This image is from the official trailer for “Black Panther: Wakanda Forever,” distributed by Marvel Studios.

Saying Marvel puts out too much content is no longer a hot take. The Marvel Cinematic Universe (MCU) has been pumping out a constant deluge of TV shows and movies for the past couple of years, all of which introduce new heroes and storylines. “Black Panther: Wakanda Forever” might be another film in this barrage of superhero content, but at least its story stands apart.

“Wakanda Forever” begins when fictional East African country Wakanda’s King T’Challa (Chadwick Boseman, “Da 5 Bloods”) dies of an unexplained illness following his sister Shuri’s (Letitia Wright, “Death on the Nile”) unsuccessful attempts to revive him. A year later, Queen Ramonda (Angela Basset, “American Horror Story”) fights international efforts to steal Wakanda’s vibranium (a fictional metal that allows for advanced technology), leading the U.S. to turn its search for the element to the deep ocean. This angers the centuries-old Namor (Tenoch Huerta, “The Forever Purge”), leader of the underwater kingdom Talokan. Namor is an ancient Mayan who left the surface world to escape Spanish conquistadors and is ominously nicknamed K’uk’ulkan, the “feathered-serpent-god.” The two kingdoms are pushed toward conflict when Ramonda refuses to hand over Riri Williams (Dominique Thorne, “Judas and the Black Messiah”), the scientist whose invention helped uncover Talokan’s vibranium.

The MCU has a history of problems characterizing villains. One Google search results in countless articles discussing early villains like Hela (Cate Blanchett, “Tár”) from “Thor: Ragnarok,” who lacks personality, and more recent villains like the Flag Smashers in “Falcon and The Winter Soldier,” who become psychotic murderers out of nowhere. Namor avoids this pattern, dominating the film as a sinister antagonist who doesn’t devolve into pure evil. Namor has both motivations and ambitions — he wants to protect his home and its natural resource of vibranium, and unite Talokan and Wakanda against the rest of the world. Huerta softens the edges of his sometimes violent behavior enough by showing a real love for his people. Namor’s motivation is clear, even as he adopts militaristic methodologies and harms characters we’ve grown attached to. He feels legitimately threatening and powerful without falling into overplayed tropes.

Huerta also works to elevate Namor’s character. The film devotes a lot of time to conversations between Shuri and Namor in which they come to understand each other’s cultures. In these scenes, Huerta adds sincerity to his character while underscoring his selfish motivations. The performances in these quieter moments are much better than what I’ve come to expect in MCU films, in which the acting typically feels serviceable and only emotionally compelling at the most climatic moments. Huerta and Basset set a new standard for performances in superhero films, leading the movie to success through character-driven storytelling. Ramonda has never been a particularly compelling character to me — in “Black Panther,” Shuri and T’Challa were center stage and thus outshone her. Basset changed that in “Wakanda Forever,” taking the spotlight early and giving the audience a lot to both love and hate. The interplay between Shuri, Ramonda and Namor is the film’s biggest draw, and their performances are responsible for making the film captivating.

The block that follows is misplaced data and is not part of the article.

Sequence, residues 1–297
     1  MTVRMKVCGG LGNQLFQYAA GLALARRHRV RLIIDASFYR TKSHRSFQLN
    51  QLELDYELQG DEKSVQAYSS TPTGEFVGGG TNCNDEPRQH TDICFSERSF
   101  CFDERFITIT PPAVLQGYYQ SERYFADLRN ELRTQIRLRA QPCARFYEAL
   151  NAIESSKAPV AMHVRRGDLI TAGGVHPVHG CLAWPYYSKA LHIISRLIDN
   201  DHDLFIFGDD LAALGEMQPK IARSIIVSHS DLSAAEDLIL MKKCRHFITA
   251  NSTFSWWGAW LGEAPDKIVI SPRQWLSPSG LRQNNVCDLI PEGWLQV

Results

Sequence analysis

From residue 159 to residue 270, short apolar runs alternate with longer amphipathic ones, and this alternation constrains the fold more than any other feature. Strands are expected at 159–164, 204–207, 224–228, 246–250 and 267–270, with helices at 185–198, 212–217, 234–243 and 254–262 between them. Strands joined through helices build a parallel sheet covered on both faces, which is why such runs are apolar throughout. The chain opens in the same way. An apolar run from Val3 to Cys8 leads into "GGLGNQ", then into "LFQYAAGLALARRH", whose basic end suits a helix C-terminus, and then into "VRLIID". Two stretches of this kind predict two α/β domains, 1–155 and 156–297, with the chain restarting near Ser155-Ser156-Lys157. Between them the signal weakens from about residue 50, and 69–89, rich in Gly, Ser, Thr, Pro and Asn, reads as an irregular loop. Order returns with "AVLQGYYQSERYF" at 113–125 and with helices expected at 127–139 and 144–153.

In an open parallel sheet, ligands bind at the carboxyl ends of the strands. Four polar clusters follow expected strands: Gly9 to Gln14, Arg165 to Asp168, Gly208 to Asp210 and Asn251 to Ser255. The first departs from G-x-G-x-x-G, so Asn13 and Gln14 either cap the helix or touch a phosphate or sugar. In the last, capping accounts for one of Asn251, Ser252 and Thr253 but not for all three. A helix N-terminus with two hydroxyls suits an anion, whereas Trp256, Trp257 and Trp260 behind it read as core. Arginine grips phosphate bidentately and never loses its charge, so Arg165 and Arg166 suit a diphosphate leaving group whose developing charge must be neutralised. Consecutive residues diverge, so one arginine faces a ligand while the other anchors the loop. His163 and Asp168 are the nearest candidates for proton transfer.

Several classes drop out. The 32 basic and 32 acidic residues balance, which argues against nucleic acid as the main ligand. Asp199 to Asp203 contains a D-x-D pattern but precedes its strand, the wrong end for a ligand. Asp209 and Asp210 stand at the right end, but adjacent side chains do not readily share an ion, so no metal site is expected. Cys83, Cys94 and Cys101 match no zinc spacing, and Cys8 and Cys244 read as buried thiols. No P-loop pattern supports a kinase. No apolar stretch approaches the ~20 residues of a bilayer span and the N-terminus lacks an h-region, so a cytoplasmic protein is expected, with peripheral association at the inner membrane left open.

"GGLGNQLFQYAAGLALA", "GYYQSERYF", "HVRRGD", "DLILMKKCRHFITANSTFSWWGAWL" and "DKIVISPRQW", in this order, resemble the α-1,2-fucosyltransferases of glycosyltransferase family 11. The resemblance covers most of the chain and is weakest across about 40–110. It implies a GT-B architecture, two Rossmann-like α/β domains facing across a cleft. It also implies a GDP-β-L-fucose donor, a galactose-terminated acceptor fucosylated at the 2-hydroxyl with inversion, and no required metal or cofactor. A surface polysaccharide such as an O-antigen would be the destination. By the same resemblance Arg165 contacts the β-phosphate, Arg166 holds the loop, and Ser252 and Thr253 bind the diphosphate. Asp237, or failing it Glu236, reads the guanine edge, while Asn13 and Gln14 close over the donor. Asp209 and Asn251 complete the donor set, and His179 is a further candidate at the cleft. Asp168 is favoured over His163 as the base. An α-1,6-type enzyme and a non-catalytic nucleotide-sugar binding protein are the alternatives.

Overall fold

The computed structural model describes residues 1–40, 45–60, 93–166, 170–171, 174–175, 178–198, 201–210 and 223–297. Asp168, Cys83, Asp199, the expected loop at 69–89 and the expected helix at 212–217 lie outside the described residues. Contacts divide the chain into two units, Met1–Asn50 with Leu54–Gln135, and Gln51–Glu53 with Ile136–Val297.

“Wakanda Forever” takes on a more somber tone than most superhero films, dealing with the loss of Boseman and its ramifications for the series. Shuri and Ramonda spend much of the film working through their grief over T’Challa’s death. They struggle to live up to the memory of their brother and son in the face of a new threat. The humor and quips one might expect from Marvel are nearly nonexistent, a choice that adds to the film’s emotional throughline — serious moments aren’t undercut with poorly timed comedic relief. This allows the audience to focus on the layers of frustration and restlessness Shuri experiences, leading to a powerful climax in which she comes into her own. 

On the other hand, some scenes drag as the characters are left to repeat the same expression of emotions that the audience has seen for the entirety of the movie. There are multiple scenes with the same characters repeating the same sentiment about how they miss T’Challa and how they aren’t going to stop fighting Namor. At a certain point, the repetition of emotional beats no longer reinforces themes and feels like a way to bloat the runtime.

The film is also hampered by its time spent on tie-ins to the rest of the MCU. A side plot about CIA agent Everett Ross (Martin Freeman, “Sherlock”) feels tacked on simply to advance an ongoing MCU storyline, cutting into important moments of the film. This causes emotional whiplash as the film cuts between the antics of a CIA agent running around the U.S. and a dramatic geopolitical conflict between two superhuman nations. The inclusion of Riri as Ironheart also feels like deadweight — she has too little screen time to fully develop her character but enough to make the already long runtime drag. This time could have been used to create a much tighter and more succinct story but is instead wasted to develop characters that the audience will ultimately have no attachment to. 

While pieces of “Wakanda Forever” feel tacked on, the film’s core — the conflict and relationship between Shuri, Ramonda and Namor — is extremely compelling. It had the potential to outshine the first “Black Panther,” expanding on the themes of colonialism and race in new ways while telling a powerful and emotional story about grief. It is still a version of that possible sequel, but in the end, it is watered down with filler and fluff.

Daily Arts Writer Zach Loveall can be reached at zloveall@umich.edu.

Correction: The spelling of the name “Hela” was corrected on Nov. 22, 2022.